Test the website

Now that we have a fully functional website, including a simple API, let's make sure it stays that way with some automated tests.

For this, we will use the fakes extension together with PHPUnit.

Create a test

Create the directory Tests/ and in that directory, add the file WebsiteTest.php with the following content:

<?php declare(strict_types=1); namespace Tests; use Application\Setup\ApplicationSetup; use BlueMvc\Fakes\FakeRequest; use BlueMvc\Fakes\FakeResponse; use BlueMvc\Fakes\FakeApplication; use PHPUnit\Framework\TestCase; require_once __DIR__ . '/../vendor/autoload.php'; class WebsiteTest extends TestCase { function testIndexPage() { $application = new FakeApplication(__DIR__ . '/../'); ApplicationSetup::setup($application); $request = new FakeRequest('/'); $response = new FakeResponse(); $application->run($request, $response); $this->assertContains('Foo', $response->getContent()); } }

Note that this code looks very similar to the BlueMvc bootstrap code found in index.php in the web root. We are actually emulating the real workflow, but with test-friendly fake classes instead.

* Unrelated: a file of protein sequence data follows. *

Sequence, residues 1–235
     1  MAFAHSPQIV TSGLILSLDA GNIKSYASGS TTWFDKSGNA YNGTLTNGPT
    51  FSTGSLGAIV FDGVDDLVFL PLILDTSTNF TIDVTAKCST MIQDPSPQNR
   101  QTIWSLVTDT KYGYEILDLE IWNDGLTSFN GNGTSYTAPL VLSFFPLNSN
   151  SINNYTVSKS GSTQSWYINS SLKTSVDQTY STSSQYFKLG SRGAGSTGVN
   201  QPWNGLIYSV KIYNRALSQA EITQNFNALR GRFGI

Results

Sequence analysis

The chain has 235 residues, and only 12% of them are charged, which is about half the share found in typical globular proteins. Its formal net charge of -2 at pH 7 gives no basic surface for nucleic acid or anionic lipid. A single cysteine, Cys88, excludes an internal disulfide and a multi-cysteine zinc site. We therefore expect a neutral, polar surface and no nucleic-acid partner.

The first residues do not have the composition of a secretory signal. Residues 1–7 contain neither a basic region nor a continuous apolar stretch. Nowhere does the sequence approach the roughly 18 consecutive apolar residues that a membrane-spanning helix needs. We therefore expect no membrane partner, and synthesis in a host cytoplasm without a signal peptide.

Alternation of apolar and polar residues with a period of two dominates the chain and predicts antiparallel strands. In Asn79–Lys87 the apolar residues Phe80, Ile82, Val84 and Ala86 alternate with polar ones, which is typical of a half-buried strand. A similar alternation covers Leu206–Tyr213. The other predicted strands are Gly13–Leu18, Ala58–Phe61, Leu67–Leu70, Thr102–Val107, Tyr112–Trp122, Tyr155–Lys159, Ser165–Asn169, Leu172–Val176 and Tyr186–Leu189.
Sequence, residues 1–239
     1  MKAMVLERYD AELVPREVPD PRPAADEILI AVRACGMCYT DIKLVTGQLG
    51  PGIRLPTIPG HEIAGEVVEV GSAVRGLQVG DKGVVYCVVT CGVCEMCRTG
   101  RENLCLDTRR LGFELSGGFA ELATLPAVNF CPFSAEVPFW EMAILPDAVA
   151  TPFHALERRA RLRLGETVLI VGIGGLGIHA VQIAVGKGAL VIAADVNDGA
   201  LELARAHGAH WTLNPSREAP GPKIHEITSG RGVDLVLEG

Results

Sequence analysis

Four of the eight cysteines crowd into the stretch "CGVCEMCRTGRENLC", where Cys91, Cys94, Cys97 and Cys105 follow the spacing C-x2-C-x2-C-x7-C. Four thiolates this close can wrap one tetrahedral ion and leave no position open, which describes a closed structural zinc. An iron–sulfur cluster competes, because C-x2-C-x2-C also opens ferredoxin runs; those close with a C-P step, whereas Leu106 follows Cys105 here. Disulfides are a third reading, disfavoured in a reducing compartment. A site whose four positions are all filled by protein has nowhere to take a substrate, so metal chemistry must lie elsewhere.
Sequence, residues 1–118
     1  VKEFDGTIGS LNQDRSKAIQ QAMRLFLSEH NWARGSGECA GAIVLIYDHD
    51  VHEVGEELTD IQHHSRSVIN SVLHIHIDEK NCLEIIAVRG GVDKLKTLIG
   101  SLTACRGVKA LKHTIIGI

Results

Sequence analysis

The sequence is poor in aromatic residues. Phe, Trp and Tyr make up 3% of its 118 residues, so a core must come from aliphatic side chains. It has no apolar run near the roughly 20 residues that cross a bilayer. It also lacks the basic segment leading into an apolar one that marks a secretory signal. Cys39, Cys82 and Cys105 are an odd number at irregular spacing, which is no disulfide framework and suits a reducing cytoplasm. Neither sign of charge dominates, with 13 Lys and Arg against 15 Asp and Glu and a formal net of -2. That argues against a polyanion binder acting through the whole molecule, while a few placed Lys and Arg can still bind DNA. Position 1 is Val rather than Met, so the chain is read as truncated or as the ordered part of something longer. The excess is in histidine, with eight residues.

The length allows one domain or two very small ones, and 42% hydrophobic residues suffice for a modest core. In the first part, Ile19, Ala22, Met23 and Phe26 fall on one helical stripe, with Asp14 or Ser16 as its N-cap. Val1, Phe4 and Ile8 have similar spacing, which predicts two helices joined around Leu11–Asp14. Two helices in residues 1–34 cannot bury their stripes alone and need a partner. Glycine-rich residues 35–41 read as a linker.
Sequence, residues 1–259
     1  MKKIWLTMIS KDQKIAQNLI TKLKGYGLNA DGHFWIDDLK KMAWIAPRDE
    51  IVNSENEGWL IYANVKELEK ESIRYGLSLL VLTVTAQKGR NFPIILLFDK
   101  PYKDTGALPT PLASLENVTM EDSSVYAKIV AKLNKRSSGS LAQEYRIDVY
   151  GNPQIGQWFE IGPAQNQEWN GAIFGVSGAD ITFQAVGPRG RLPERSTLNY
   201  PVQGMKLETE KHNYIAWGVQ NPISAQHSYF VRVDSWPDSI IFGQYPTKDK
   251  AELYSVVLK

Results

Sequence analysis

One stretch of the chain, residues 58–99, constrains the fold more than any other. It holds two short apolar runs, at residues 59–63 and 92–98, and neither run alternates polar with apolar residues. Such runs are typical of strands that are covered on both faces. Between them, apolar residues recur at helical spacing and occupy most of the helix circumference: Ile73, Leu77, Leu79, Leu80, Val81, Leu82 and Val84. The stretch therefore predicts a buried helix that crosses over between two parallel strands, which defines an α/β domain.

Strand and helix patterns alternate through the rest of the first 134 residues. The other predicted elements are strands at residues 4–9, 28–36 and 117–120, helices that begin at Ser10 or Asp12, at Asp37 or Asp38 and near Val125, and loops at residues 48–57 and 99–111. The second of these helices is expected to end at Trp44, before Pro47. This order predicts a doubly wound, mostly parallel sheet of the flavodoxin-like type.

Run the test

Run the following command from the command prompt where /path/to/webroot is the path to the web root.

$ phpunit /path/to/webroot/Tests/WebsiteTest.php

The result should look similar to this:

Failed asserting that '<!DOCTYPE html>\n ... </html>' contains "Foo". ... FAILURES! Tests: 1, Assertions: 1, Failures: 1.

Well, that was expected. The index page does not contain the word "Foo" anywhere.

What is more interesting is that the fake classes helped us to test our website without the need to actually fetch the content via http from the web server.

Feel free to prove it by disabling the web server and run the test again.

Pass the test

Let's fix the test to make it pass, while also make sure that the status code in the response is 200.

Open Tests/WebsiteTest.php and modify the testIndexPage method to look like this:

function testIndexPage() { $application = new FakeApplication(__DIR__ . '/../'); ApplicationSetup::setup($application); $request = new FakeRequest('/'); $response = new FakeResponse(); $application->run($request, $response); $this->assertContains('BlueMvc', $response->getContent()); $this->assertSame(200, $response->getStatusCode()->getCode()); }

Re-run the test:

$ phpunit /path/to/webroot/Tests/WebsiteTest.php

This time the result should look like this:

OK (1 test, 2 assertions)

That was a little insight into the fakes extension and also the last hands-on part of this tutorial.

We will finish this tutorial in the next part with a brief conclusion.

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